While a spokesperson of the Combined Joint Task Force Operation Inherent Resolve (CJTF-OIR) said that the absence of anti-IS coalition airstrikes “has nothing to do with the S-400 deployment” in Syria, the deployment is not merely an act of tightening of Russian air defense. A closer look at it suggests its other significance. Certainly, Russian is not going to use these missiles against IS or any other terrorist organization. The only actors these missiles can potentially be used against are the States involved in Syria.

It is, as such, a clear message to them. In fact, the very location of deployment tells the whole story plainly. From Khmeimim airbase — which is only 30 miles from Turkish border — S-400 radar covers Syria, western regions of Iraq and Saudi Arabia, nearly all of Israel and Jordan, Egypt’s northern Sinai, a large part of the eastern Mediterranean and Turkish airspace as far as the capital Ankara.

Therefore, it cannot be gainsaid that this deployment has literally turned almost the whole of Syria into a “no fly zone” for US led coalition air strikes.

Commenting on the decision, Putin said there was previously no need for such measures, because no-one imagined the Russian aircraft could be in danger. Russia would have brought S-400s to Syria a long time ago to protect its warplanes, if it entertained the possibility of a traitorous back-stab.”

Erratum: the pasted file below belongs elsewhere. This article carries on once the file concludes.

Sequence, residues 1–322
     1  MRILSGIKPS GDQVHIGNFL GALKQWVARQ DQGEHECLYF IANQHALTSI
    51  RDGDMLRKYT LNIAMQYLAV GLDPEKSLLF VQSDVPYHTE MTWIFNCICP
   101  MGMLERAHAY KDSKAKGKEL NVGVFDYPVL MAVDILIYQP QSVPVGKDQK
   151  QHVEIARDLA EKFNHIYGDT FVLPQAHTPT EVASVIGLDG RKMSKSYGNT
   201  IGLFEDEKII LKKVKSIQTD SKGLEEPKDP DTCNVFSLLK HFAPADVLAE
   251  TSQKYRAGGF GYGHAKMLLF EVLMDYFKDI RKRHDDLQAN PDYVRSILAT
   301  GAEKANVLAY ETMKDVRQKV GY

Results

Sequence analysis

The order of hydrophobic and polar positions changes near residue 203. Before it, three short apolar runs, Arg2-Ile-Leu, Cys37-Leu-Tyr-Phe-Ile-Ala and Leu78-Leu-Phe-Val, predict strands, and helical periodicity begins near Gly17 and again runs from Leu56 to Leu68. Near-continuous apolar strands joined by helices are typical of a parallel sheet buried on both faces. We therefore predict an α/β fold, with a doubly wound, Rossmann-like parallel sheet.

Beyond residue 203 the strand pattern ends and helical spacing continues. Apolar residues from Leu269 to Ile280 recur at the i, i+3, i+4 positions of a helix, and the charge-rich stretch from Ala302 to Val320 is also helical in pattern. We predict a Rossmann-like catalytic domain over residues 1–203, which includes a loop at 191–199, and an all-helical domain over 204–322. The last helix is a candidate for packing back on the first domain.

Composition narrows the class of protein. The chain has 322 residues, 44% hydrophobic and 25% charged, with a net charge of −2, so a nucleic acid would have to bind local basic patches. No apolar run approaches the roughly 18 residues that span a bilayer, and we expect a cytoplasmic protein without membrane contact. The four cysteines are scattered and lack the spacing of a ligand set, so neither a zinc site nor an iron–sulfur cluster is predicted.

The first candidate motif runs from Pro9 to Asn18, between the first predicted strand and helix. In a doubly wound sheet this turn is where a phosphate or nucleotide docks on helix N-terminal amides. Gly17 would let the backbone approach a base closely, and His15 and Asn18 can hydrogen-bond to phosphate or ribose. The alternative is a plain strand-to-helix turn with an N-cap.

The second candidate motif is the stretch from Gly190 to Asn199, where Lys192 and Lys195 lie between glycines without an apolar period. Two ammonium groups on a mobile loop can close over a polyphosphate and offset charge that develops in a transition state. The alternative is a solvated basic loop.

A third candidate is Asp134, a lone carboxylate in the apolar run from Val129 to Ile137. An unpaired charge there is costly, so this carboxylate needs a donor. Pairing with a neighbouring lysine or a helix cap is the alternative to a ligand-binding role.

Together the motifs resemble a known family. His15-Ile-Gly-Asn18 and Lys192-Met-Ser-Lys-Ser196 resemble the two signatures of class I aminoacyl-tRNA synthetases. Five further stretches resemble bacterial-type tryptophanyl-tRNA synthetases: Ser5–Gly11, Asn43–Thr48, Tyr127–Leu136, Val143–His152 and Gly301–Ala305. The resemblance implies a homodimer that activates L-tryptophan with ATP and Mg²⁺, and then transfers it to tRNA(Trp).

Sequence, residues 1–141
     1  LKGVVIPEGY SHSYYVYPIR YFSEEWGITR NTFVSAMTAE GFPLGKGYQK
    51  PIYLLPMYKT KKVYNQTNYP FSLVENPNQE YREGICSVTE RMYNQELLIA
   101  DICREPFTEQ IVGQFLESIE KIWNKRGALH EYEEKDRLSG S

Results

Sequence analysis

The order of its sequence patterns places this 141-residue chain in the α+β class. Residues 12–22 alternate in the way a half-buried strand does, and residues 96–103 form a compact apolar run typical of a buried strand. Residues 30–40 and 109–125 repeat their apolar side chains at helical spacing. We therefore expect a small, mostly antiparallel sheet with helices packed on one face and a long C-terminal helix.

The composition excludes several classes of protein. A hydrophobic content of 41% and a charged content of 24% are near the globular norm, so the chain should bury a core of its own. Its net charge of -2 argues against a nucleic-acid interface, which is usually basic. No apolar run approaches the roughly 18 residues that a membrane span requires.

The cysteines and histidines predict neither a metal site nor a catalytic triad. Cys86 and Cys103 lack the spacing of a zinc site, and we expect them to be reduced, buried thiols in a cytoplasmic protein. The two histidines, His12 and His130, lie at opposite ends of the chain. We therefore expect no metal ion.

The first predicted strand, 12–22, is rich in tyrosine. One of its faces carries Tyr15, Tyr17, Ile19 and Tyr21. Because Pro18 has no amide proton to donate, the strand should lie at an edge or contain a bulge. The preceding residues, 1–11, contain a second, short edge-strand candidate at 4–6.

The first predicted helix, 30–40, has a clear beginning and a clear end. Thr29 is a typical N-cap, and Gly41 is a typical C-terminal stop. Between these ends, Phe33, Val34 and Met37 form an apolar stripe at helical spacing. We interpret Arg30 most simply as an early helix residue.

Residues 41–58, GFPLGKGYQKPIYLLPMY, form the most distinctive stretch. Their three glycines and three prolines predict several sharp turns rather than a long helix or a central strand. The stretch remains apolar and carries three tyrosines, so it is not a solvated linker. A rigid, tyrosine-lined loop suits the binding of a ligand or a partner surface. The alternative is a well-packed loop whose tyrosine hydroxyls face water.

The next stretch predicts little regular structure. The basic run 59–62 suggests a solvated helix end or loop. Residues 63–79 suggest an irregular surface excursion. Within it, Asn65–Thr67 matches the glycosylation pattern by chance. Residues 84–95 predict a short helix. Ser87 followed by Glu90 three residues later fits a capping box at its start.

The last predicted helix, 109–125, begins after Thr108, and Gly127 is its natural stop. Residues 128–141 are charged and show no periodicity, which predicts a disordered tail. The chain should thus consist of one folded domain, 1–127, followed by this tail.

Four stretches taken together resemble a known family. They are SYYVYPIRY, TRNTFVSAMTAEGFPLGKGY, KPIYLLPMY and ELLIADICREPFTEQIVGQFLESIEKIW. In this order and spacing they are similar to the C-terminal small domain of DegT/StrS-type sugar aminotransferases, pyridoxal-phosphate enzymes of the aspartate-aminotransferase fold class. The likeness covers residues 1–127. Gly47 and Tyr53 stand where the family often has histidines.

While the US-led coalition strikes are on a halt, Russia has certainly speeded up.  The monitoring group the Syrian Observatory for Human Rights said that Russia had launched heavy bombardment in the area as Turkmen forces and members of al-Qaeda’s Nusra Front battled against the Syrian army. It said that at least 12 air strikes hit Latakia province.

Jahed Ahmad, a spokesman for a rebel brigade in the region affiliated with the Free Syrian Army, told the Associated Press the Kremlin appeared to be taking “revenge” for the downing of the plane by providing cover for advancing pro-government forces.

While Russia may have increased the rate of strikes, it seems to be an oversimplification to project it as “revenge” only. Arguably, it is a continuation of what Russian strikes were already achieving before its bomber was shot down.

In the days preceding the downing of a Russian bomber, Syrian troops were reported to have retaken large swathes of territory from IS, Al Qaeda, and other terrorist fighters. The Syrian Arab Army (SAA) was also reported to have begun to approach the Euphrates River east of Aleppo, which would effectively cut off IS from its supply lines leading out of Turkish territory.